The PM sits at the heart of the project developing the business case with the project sponsor to define the expected project outcomes, the scope (what is in and what is out) and delivery timelines. A combination of all these three contributes to budget estimation. They define sequencing of activities and deliverables on the project plan, identify skills required and resource the team.
As the lead, they coordinate activities holding the project team member accountable for delivery, managing the various stakeholders and reporting on the project status. They are also the escalation point for any blockers identified.
Recommended training: Project Management
Process consultant (or transformation manager): Understanding the organisations business processes is a pre-cursor to transformation. The process specialist understands and maps (documents) the current processes ‘as is’ that are within the scope of the project.
Within mapping they identify the technology in use and the teams/people involved in the process. A key deliverable is identifying the pain points in the ‘as is’ process, which can include variable quality of service/product, inconsistent customer experiences, escalating customer complaints, inefficient or obsolete processes. For prioritisation, data points are collected to size the issues identified.
To address the pain points, an improved or new process is designed, which may be supported by new technologies and/or teams requiring new competencies.
Recommended training: Lean, Quality Management, Lean Six Sigma Green Belt minimum
Change manager: Of the roles mentioned so far, this is the newest role, which emerged through a need to improve the success of transformation projects by identifying and anticipating the impact of the change on the organisation and on the people.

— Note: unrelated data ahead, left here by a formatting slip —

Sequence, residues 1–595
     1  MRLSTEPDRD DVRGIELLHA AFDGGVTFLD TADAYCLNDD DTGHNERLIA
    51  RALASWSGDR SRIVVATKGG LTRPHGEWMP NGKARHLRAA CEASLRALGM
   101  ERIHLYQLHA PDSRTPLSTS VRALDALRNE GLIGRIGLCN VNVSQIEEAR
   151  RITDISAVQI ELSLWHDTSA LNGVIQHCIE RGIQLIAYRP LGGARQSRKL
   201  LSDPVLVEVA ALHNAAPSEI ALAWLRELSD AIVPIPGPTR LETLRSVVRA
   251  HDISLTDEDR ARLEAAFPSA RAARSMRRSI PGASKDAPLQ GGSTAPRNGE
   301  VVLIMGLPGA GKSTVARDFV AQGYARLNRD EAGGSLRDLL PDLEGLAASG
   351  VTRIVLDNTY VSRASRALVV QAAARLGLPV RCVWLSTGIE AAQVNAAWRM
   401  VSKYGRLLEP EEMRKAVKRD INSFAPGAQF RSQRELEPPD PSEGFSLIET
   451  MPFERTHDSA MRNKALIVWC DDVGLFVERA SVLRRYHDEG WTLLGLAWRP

The role seeks to answer the many challenges faced during change and the need for a personal touch to support people through the change. Change managers work alongside the HR team as the only people focused role on the project team. Depending on the organisation the scope of this role can stretch from identifying the impact of the change, assessing change readiness, managing and delivering executive and project level communication to advocating for buy-in through the organisational hierarchy.
Recommended training: Change Management and Project Management/Lean Six Sigma Green Belt
Best practice resourcing
The project sponsor and project manager roles are critical. Only the project sponsor role needs to be internal. The project manager can be internal or outsourced.
Should the role be in-sourced only competent people should be selected and not the leadership’s favourite people. If some competence has been identified in the selected people, they can be upskilled through training. Best practice recommends that the selected resources be seconded to these project roles for the duration of the project. Doing so concentrates focus on delivering the project and limits disruption from their primary role.
- Muguti is a strategy and transformation consultant, a Lean Six Sigma Black Belt practitioner. — +263 783 533 938, nyari.mugu[email protected] or https://www.linkedin.com/in/nyari-muguti-24